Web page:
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Mosque-goers pray for rain in drought-scorched Morocco

Wahid Aguertite, a farmer, touches the earth cracked by drought in October 2020, at an orange orchard on Morocco's southern plains of Agadir
Wahid Aguertite, a farmer, touches the earth cracked by drought in October 2020, at an orange orchard on Morocco's southern plains of Agadir - Copyright AFP LUDOVIC MARIN
Wahid Aguertite, a farmer, touches the earth cracked by drought in October 2020, at an orange orchard on Morocco's southern plains of Agadir - Copyright AFP LUDOVIC MARIN

Mosques held prayers for rain on Friday across the parched North African kingdom of Morocco where farmers are battling an acute drought.

King Mohammed VI ordered all the country’s mosques to hold prayers “calling on God for rain”, the religious affairs ministry said in a statement carried by the official MAP news agency.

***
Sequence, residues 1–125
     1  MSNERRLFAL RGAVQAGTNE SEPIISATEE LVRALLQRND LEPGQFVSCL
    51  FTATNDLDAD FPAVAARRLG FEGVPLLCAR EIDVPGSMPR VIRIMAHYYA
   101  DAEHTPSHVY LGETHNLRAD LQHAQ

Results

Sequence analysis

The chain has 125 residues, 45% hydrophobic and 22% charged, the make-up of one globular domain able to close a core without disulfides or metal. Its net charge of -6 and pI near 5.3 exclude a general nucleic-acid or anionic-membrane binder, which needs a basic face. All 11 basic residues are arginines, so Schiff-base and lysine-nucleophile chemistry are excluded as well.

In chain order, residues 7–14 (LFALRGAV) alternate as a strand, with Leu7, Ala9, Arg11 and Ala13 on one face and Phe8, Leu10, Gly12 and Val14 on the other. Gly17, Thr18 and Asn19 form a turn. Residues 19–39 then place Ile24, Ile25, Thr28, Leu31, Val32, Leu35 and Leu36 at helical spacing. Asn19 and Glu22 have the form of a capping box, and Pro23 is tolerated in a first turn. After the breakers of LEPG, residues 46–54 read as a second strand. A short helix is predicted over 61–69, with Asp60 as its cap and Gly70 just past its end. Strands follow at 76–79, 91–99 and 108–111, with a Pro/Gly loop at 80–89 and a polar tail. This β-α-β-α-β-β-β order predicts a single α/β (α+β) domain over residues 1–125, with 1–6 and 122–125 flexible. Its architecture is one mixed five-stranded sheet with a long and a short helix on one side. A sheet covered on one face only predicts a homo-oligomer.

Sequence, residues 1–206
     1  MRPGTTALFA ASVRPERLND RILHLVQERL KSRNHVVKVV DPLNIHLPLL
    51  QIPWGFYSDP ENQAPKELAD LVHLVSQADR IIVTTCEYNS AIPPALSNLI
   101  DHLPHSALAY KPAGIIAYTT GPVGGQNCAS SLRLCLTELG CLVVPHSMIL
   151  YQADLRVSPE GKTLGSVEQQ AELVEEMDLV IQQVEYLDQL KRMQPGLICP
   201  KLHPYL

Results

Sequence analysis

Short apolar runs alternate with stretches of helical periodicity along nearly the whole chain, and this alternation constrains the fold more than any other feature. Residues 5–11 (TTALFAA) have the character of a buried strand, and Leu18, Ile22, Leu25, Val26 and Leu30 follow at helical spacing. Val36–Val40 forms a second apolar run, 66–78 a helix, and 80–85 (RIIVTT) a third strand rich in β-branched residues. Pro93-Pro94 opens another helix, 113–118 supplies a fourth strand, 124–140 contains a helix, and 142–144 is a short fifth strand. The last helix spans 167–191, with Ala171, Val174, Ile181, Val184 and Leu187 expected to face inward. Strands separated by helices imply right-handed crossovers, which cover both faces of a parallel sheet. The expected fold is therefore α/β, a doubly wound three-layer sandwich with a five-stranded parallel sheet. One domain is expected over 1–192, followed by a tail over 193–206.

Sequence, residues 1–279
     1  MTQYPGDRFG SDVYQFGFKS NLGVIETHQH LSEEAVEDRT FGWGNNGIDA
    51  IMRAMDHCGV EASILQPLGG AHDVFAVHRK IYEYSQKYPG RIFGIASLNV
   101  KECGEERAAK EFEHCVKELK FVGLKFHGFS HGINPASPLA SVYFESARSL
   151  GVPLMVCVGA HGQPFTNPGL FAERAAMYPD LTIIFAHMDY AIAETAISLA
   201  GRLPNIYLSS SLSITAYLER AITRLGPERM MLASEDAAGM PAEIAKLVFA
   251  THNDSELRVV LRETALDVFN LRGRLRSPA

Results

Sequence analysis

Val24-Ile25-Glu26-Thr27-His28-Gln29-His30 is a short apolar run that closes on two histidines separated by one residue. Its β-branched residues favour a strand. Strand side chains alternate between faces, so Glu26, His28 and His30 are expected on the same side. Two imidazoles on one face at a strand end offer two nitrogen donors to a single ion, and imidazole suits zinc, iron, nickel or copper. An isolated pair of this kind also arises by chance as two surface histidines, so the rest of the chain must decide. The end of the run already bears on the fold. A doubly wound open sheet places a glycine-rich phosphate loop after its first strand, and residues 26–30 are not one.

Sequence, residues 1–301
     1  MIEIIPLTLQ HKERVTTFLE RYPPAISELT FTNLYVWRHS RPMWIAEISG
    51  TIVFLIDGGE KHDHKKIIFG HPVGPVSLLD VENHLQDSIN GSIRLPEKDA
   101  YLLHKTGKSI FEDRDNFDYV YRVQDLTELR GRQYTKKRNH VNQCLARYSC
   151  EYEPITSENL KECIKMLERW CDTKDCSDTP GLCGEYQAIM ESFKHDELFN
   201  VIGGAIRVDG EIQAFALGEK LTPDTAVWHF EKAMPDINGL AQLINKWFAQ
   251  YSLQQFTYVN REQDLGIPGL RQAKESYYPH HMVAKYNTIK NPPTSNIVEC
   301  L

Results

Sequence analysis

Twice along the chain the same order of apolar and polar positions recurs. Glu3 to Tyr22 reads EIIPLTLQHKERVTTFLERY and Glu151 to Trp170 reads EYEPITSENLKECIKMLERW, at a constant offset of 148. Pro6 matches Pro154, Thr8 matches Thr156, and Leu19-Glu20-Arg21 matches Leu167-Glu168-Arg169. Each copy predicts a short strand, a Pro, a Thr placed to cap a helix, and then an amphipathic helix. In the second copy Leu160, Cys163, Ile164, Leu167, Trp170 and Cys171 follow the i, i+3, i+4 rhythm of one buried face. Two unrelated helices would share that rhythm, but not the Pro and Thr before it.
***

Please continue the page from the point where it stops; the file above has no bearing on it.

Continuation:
Such prayers, which also take place in other Muslim countries when rain is needed, are based on a verse from the Koran and on a saying of the Prophet Mohammed, who recommended an extra prayer “every time the rain is scarce”.

Morocco’s economy depends heavily on agriculture, but the country is in the midst of a severe drought. Reservoirs are at just 34 percent capacity, compared to 46 percent this time last year, according to official figures.

Despite improved harvests in 2021, the lack of water has battered the agricultural sector, which is responsible for about 14 percent of the country’s Gross Domestic Product.

The situation has sparked fears of spiralling prices for basic goods.

In January, tourist hotspot Marrakesh imposed tight restrictions on water usage, news website Medias24 reported.

That recalled 2020, when the Atlantic coastal city of Agadir cut off mains water supplies at night to rein in usage.

Agadir this month fired up the country’s first seawater desalination plant to meet the needs of desperately dry farmland nearby.

The agriculture ministry forecasts that average precipitation will drop by 11 percent by 2050, with the amount of water available for irrigation falling by a quarter.

Along with Morocco, the North African nations of Algeria, Libya and Tunisia are among the 30 most water-stressed countries in the world, according to the World Resources Institute.

AFP
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